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Bengals’ NFLPA rep not happy with personal conduct policy bargain

Andrew Whitworth, Frostee Rucker

Cincinnati Bengals offensive tackle Andrew Whitworth, right, blocks defensive end Frostee Rucker (92) during practice at NFL football training camp on Wednesday, Aug. 10, 2011, in Georgetown, Ky. (AP Photo/Al Behrman)


One of the big issues from the weekend, which may have gotten lost in a great slate of games, arose from the deal between the NFL and the NFLPA regarding the manner in which players arrested and/or charged during the lockout would be disciplined, or not, by the league.

Of the 33 players who got into trouble off the field, the NFL and NFLPA agreed that 25 first-time offenders would not be disciplined, but that eight repeat offenders would be subject to fines or suspensions. The NFLPA has backpedaled, claiming that no specific agreement has been made regarding the eight repeat offenders.

But Bengals running back Cedric Benson, one of the eight repeat offenders, has been suspended three games. And he has filed a claim against the NFLPA, alleging that the union engaged in unfair labor practices by binding him to an agreement for conduct occurring at a time when there was no union.

As pointed out in the Tuesday one-liners, Bengals tackle Andrew Whitworth isn’t pleased with the situation. Whitworth, who serves as the Bengals’ NFLPA player representative, has two teammates (Benson and cornerback Pacman Jones) who are being potentially hurt by the agreement.

“It doesn’t make a whole lot of sense to me,” Whitworth said, per Joe Reedy of the Cincinnati Enquirer. “I feel like it’s the wrong decision and I also believe the union let those eight guys down. I don’t feel like that was fair. To me, if I was told that was a make or break, I would have said that’s a make or break deal that we were going to sell out eight guys to have an agreement.”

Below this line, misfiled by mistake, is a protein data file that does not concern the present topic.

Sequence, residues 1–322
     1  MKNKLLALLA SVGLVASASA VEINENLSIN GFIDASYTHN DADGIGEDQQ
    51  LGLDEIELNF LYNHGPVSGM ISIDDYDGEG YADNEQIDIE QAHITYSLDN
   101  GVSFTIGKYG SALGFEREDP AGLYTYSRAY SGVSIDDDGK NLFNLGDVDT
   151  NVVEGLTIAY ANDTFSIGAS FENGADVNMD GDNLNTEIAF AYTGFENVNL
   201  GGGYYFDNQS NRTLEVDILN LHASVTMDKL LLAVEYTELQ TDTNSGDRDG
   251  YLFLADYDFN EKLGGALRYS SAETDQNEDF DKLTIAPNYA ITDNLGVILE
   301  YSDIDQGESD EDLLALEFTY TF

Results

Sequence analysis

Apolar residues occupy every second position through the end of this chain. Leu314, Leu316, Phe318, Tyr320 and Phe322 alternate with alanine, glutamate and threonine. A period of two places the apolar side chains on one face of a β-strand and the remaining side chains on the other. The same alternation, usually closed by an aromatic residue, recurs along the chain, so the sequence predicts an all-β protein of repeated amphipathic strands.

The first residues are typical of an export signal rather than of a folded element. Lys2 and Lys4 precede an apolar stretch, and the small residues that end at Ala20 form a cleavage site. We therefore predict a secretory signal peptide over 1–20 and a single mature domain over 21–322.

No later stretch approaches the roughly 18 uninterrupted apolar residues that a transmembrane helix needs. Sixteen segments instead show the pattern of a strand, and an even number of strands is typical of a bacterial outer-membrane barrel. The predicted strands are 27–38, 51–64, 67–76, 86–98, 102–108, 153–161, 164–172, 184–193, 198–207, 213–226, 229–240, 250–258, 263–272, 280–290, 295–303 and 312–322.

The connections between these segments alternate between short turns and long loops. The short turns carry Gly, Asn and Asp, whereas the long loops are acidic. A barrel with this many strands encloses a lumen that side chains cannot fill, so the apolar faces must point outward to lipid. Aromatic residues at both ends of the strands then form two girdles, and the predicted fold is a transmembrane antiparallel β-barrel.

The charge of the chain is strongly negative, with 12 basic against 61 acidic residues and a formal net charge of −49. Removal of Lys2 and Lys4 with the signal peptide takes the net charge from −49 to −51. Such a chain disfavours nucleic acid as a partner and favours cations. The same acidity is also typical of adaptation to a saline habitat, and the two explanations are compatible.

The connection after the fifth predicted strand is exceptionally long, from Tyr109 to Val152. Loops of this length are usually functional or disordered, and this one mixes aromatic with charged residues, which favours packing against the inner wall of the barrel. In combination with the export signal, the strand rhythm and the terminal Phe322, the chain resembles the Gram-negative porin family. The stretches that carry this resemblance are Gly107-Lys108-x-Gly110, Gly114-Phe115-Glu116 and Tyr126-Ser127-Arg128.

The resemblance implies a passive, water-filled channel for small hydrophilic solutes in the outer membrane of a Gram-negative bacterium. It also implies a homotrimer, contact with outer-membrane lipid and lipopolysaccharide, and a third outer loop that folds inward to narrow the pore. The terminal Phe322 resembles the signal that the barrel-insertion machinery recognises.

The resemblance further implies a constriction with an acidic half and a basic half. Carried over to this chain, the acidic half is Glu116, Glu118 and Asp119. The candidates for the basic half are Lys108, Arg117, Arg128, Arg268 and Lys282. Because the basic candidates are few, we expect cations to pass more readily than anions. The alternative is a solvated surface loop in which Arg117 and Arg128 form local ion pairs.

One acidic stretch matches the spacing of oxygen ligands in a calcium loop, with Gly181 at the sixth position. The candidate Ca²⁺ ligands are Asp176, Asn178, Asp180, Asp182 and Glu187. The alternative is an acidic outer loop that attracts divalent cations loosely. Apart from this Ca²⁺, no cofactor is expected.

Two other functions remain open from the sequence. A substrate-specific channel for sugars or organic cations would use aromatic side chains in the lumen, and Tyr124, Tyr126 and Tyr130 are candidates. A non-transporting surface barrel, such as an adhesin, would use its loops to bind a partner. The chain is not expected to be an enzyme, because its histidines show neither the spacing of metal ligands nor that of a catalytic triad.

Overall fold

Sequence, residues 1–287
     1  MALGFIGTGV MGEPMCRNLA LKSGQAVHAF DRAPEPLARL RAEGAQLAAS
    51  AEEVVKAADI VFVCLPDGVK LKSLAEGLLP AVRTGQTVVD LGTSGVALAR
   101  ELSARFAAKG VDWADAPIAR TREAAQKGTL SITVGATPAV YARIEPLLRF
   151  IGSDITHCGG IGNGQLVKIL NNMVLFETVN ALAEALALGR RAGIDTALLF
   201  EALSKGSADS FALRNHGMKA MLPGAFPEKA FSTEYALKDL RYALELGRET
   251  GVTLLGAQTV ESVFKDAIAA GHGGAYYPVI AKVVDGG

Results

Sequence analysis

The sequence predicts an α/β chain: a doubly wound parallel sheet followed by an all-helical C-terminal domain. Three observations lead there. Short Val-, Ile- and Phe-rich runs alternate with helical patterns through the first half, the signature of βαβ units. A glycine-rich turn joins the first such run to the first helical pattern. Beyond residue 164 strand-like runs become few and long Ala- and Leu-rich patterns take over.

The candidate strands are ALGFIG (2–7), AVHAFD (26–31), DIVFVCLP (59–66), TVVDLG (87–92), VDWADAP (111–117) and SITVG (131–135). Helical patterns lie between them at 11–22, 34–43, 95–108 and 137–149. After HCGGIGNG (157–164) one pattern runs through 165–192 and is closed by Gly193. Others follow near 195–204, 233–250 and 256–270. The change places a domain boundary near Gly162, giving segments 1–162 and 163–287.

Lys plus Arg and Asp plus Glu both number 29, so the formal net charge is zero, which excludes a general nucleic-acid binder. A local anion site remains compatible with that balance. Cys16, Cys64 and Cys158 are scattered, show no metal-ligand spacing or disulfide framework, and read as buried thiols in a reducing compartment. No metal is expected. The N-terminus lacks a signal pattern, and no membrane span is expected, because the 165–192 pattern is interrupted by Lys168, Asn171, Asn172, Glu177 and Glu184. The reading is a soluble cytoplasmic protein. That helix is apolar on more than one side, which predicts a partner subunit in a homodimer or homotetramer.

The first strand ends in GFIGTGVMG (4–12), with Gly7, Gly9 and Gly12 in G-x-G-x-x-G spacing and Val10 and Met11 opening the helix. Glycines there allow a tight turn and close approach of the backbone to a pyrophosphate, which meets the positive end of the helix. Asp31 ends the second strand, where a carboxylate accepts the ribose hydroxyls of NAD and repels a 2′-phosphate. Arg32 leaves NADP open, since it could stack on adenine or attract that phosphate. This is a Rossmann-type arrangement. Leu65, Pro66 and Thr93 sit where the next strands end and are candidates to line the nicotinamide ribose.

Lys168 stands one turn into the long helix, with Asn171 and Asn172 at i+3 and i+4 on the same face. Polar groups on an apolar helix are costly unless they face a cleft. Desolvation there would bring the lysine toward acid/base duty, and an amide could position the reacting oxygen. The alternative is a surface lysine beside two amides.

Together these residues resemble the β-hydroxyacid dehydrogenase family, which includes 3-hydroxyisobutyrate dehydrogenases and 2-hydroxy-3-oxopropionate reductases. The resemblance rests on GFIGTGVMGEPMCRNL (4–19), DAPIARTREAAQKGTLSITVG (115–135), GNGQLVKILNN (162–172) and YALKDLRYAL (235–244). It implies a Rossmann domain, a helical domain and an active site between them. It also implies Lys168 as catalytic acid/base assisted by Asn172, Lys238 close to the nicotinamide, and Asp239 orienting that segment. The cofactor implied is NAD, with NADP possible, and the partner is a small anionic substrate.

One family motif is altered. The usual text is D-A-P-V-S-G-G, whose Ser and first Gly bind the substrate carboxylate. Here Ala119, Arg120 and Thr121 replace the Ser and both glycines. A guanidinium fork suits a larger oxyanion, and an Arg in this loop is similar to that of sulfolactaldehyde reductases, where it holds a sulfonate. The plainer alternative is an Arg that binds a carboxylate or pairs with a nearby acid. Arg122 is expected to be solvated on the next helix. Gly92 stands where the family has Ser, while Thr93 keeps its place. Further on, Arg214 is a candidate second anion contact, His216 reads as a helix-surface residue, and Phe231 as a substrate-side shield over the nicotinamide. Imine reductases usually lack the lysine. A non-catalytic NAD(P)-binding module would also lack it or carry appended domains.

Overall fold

Whitworth said the didn’t know about the agreement until reports emerged last week.

“Now I don’t think that I’m saying them doing stuff is OK but if no one else can get punished they shouldn’t be able to either,” Whitworth said. “I feel like the eight guys is the problem to me. I don’t feel like they should be left out. The real problem I have with it is I don’t think they are any different from any other guy who got in trouble during the lockout.”

Whitworth’s position is significant because, as a member of the board of player representatives, Whitworth has a voice in the re-election -- or possibly not -- of NFLPA executive director DeMaurice Smith, whose contract expires in March 2012. Peter King of Sports Illustrated and NBC reported during Sunday night’s Football Night in America that the NFLPA’s Executive Committee was hoping to arrange a conference call with Smith for further discussion and details regarding the agreement that apparently gives the league the ability to discipline Benson and seven other repeat offenders.

Smith has done a very good job of communicating with his constituents, but it could require all of his skills to unruffle feathers regarding the apparent decision to expose eight players to discipline for things happening off the field at a time when the players were locked out.